What a relief to know that Cohen believes that "we must not trample on American lives and liberties in the name of preserving them." Whew! For a moment there, I thought it was all over but the shouting. Yet the next sentence is hardly reassuring: "Fears about the military's role in domestic affairs are unfounded," he burbles, "as evidenced by a long history of reasonable and successful military support to communities ravaged by natural disasters, such as fire and flood." But we are not talking about a flood here, or a fire, but a man-made disaster; that is, a war – in this case, a war that we will have lost. For even if we retaliate massively against the perpetrators, what kind of "victory" can we have if the ebola virus has claimed casualties in the hundreds of thousands and even millions?


The writer Randolph Bourne, the shining star of American liberalism at the turn of the century, trenchantly summed up the libertarian case against imperialism by observing that "war is the health of the State." In the conditions of war, the economy and all social institutions normally in the private sphere are subordinated to and absorbed by the government. Cohen's master plan for the terrorist Armageddon, which will require expanded "information gathering by law enforcement at home" as well as more covert action abroad, underscores this antipathy. But don't worry, says Cohen, you needn't fret about losing what little is left of your liberty: "There need be no fear or foreboding by the American people of the preparations of their government." After all, why worry when tens of thousands are inevitably doomed to die a horrible death? You might as well resign yourself to it, and put your trust in the federal government – or, if you prefer, you can just commit suicide and get it over with.


No, but really, you haven't a worry in the world because "the greater threat to our civil liberties stems from the chaos and carnage that might result from an attack for which we had failed to prepare and the demands for action that would follow." What are these demands, and who is making them? Could it be the American people demanding the abdication of the ruling elite, now that they have brought the country to ruin? In the midst of the devastation wrought by their perpetual wars, defeated and discredited by the consequences of their own hubris, our rulers' first fear is not invasion from abroad but revolution from within. But if everything goes according to plan, the Clintonian "Task Force for Civil Support" working in tandem with FEMA, the Justice Department, and National Guard units, will make short shrift of that.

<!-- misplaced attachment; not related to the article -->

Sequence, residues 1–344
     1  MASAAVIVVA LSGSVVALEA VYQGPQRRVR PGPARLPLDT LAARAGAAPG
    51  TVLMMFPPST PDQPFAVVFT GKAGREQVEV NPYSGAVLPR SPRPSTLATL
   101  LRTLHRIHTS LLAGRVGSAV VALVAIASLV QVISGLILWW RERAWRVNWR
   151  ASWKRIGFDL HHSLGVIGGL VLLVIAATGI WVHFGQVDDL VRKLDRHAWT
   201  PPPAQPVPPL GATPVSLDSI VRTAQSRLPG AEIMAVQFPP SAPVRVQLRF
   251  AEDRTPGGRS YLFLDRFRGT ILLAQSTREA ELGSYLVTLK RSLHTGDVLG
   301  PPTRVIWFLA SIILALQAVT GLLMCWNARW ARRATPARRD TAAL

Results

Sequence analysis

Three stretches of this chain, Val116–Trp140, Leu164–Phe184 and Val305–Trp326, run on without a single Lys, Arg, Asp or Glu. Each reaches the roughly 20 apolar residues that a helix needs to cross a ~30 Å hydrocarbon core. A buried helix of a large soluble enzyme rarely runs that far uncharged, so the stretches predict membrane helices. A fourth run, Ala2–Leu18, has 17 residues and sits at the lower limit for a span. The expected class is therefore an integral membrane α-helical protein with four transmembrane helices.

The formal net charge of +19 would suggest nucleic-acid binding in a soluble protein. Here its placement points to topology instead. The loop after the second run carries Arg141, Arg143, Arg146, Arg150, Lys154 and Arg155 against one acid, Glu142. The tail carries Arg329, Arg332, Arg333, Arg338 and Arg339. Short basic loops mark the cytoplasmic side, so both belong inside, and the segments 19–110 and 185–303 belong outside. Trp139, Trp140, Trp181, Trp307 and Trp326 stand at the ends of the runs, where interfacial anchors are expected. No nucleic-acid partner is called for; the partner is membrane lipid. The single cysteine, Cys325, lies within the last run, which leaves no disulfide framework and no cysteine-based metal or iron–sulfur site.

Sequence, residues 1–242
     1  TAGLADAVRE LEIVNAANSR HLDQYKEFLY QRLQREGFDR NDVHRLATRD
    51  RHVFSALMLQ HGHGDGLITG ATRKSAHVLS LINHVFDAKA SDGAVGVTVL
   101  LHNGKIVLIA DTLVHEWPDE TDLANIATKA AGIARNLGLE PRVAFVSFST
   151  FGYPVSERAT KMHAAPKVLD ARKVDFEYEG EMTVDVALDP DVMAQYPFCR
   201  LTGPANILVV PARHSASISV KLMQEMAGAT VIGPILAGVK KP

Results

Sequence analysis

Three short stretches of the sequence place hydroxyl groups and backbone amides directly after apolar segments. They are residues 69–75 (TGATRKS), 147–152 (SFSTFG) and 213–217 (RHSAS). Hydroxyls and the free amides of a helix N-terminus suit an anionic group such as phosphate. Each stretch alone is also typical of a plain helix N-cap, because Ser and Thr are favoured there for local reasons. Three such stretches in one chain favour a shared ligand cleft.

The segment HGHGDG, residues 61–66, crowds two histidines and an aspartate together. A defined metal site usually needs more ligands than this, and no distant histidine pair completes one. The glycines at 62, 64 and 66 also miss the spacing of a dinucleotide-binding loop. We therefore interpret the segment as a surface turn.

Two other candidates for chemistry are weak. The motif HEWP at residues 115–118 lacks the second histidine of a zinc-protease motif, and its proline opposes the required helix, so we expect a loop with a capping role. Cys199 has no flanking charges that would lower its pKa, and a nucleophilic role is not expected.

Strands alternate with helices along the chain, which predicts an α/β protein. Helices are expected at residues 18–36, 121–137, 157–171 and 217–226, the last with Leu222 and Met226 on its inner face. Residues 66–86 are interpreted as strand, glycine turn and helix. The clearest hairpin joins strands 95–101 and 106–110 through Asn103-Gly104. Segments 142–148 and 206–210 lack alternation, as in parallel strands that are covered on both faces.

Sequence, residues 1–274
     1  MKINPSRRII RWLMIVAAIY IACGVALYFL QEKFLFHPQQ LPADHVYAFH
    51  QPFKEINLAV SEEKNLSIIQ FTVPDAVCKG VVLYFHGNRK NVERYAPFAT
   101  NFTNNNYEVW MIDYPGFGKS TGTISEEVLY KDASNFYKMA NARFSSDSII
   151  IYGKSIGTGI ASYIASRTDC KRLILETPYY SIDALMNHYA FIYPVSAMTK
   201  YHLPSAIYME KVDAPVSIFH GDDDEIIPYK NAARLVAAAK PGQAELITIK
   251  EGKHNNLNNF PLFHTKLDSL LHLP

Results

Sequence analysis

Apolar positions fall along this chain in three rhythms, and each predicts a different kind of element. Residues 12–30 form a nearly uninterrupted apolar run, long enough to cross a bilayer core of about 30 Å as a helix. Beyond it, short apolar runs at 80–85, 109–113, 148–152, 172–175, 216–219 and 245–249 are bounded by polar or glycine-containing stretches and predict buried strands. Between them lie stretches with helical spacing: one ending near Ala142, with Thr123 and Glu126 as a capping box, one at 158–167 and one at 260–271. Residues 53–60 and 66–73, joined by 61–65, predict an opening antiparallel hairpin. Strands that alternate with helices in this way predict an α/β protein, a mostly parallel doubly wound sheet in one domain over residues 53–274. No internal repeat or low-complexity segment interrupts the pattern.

The Cohen scenario seems too science fictional to be taken seriously, and too possible to discount: it is surrealistically realistic, a sure sign of the times, and an ominous one indeed. John Quincy Adams' admonition not to go abroad "in search of monsters to destroy" will surely be proven correct: for it seems those monsters have, in turn, invaded our own shores, and will (sooner or later) visit destruction upon us.


Naturally, there will be a (relatively) comfortable bunker, plague-free and secure, from which the Secretary of Defense and his cohorts will direct the pacification effort. But just maybe the emergency will catch him unawares. After all, if the past few years have revealed anything it is that our intelligence efforts are not all that dependable (just ask the former inhabitants of the Chinese embassy in Belgrade). It could be that Cohen is out of town giving a speech to the local Foreign Affairs Council. Perhaps his topic will be "The Role of America as the Last and Only Superpower," in which he explains, in his uninspired and perfunctory way, why it is necessary for the U.S. to lord it over the whole world. Just as he is nearing the climax of his peroration, when the phrases of "global responsibility" and "human rights" roll unconvincingly off his lips, just at that moment the deadly virus will strike the hall – and that will be the last act of hypocrisy every committed by William S. Cohen. No, it won't be pretty – but asked to choose between aesthetics and justice, I choose the latter every time.

Check out Justin Raimondo's article, "China and the New Cold War"

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Justin Raimondo is the editorial director of Antiwar.com. He is also the author of Reclaiming the American Right: The Lost Legacy of the Conservative Movement (with an Introduction by Patrick J. Buchanan), (1993), and Into the Bosnian Quagmire: The Case Against US Intervention in the Balkans (1996). He is an Adjunct Scholar with the Ludwig von Mises Institute, in Auburn, Alabama, a Senior Fellow at the Center for Libertarian Studies, and writes frequently for Chronicles: A Magazine of American Culture. He is the author of An Enemy of the State: The Life of Murray N. Rothbard (forthcoming from Prometheus Books).